Matt Carroll
Sr. Analyst, Risk Advisory and Assurance Services (RAAS)

 

Working with Girls Who Code

I was lucky to grow up with a support system of teachers and family who encouraged me to pursue a career in STEM. My father was an engineer and as a little girl, I wanted to be just like him. So when it came time to decide what my major in undergrad would be, I had no doubt about choosing computer engineering. When I moved to Seattle, I met many girls who did not share the same experiences as me. One told me her family just didn’t believe girls could do math, while another told me teachers were never supportive and told her that girls didn’t do well in math and science. This was just unacceptable to me. I believe that all children, regardless of their gender, race, and background should be encouraged to pursue any field they want.

Girls Who Code is a non-profit organization with a mission to create programs that will inspire, educate, and equip girls with the computing skills to pursue 21st century opportunities. Girls Who Code found that by 2020, there will be 1.4 million jobs available in tech fields and US graduates are on track to fill 29% of those jobs – but only 3% of these will be women. In the 1980s, 37% of computer science graduates were women, but today it’s only around 18%. I work in cybersecurity where the percentage of women in the field is around 11%. These are very disappointing statistics, and I wanted to help change the situation. So when my manager approached me to help teach the Girls Who Code class for Adobe in Seattle, I jumped at the opportunity.

Adobe has partnered with Girls Who Code for three years to host summer immersion programs. Apart from providing classroom space, program managers and mentors, this summer, Adobe was the only Girls Who Code partner company that provided its own instructors, with four full-time, female employees teaching the coding classes.

During the months of July and August, I taught 20 high school girls, ages 15-18, the basics of computer science skills including Scratch, Python, Arduino programming, and web development. The program also taught leadership skills like self-confidence, self-advocacy and public speaking. Other Adobe employees organized field trips, speakers, and workshops and helped the girls with projects. Several Adobe women volunteered one hour per week to provide career mentorship and conduct technical interview workshops for the girls.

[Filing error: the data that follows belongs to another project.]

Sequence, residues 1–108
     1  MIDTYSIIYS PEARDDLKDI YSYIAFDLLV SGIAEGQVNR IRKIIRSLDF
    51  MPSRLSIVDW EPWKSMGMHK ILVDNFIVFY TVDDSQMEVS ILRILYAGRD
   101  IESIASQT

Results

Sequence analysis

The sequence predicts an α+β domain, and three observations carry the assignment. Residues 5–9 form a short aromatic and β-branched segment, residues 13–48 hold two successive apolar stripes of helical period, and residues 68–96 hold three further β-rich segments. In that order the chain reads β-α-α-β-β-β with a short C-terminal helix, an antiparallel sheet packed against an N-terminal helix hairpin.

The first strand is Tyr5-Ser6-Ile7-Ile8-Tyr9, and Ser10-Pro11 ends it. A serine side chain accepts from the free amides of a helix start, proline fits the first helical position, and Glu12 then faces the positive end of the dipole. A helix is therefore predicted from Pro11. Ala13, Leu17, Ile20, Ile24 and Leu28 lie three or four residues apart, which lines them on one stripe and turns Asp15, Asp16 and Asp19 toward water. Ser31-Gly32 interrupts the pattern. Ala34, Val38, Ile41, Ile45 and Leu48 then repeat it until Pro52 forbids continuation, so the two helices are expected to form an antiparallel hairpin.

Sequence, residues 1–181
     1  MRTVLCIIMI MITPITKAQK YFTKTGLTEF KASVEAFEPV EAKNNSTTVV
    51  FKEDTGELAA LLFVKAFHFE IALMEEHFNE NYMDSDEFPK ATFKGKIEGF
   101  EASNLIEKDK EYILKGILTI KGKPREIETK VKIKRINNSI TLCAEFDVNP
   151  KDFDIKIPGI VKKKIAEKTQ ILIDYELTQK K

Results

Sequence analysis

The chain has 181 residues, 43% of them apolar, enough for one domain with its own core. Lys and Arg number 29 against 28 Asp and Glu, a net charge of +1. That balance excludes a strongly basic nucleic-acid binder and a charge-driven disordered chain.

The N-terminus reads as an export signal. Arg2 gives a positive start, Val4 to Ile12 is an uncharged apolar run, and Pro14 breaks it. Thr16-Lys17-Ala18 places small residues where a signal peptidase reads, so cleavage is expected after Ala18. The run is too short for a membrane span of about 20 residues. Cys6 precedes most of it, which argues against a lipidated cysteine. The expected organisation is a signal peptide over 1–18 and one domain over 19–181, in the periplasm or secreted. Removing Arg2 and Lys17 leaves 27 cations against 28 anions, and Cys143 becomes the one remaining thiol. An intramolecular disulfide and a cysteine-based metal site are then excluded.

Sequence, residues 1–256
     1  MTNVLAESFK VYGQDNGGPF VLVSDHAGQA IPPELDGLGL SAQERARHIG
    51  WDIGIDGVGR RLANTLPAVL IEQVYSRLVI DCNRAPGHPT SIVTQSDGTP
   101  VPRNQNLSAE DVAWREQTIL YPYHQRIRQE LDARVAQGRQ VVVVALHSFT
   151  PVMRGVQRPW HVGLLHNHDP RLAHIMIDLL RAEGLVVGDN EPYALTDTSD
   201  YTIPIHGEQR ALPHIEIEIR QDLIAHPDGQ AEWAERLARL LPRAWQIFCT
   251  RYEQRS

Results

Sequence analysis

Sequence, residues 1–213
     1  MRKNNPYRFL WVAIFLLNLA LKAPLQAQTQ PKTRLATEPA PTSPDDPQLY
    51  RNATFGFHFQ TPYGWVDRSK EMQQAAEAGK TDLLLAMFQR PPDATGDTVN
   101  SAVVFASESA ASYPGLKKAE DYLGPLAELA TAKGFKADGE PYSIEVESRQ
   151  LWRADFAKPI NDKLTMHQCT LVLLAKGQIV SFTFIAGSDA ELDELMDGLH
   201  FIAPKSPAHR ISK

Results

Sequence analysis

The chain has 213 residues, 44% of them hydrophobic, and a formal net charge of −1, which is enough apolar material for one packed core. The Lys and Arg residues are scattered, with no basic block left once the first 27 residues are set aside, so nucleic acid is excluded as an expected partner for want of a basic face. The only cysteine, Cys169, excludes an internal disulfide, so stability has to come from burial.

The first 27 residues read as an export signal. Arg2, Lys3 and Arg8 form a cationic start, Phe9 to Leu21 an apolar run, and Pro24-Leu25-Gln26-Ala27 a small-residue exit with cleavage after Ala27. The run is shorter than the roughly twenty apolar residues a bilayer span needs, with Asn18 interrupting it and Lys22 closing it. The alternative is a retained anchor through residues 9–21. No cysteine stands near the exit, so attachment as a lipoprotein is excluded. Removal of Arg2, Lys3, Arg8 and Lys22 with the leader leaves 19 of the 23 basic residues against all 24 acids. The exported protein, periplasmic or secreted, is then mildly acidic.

The last two weeks of the program, the girls picked an idea for a final project and took it from inception to launch. They came up with BIG ideas they felt passionate about from developing a safe places app, to teaching children arts and music, to helping students be more productive. They used technologies they had never used before including Jquery, integrating the Google and Facebook API, and using Mongo db to host everything on AWS. On graduation day, the girls presented their projects to their family, mentors and various Adobe employees.

I’m proud to work at Adobe, a company that follows through on its values. In addition to all the time and resources, the Adobe Foundation gave each of the girls a laptop and a one-year Creative Cloud subscription to continue their tech journey. I am thankful to my team,  who supported me in this effort and picked up the slack while I was teaching. In my own little way, I hope I have encouraged more young women to pursue STEM fields, including careers at Adobe and our peers in the tech industry.

Aparna Rangarajan
Sr. Technical Program Manager – Security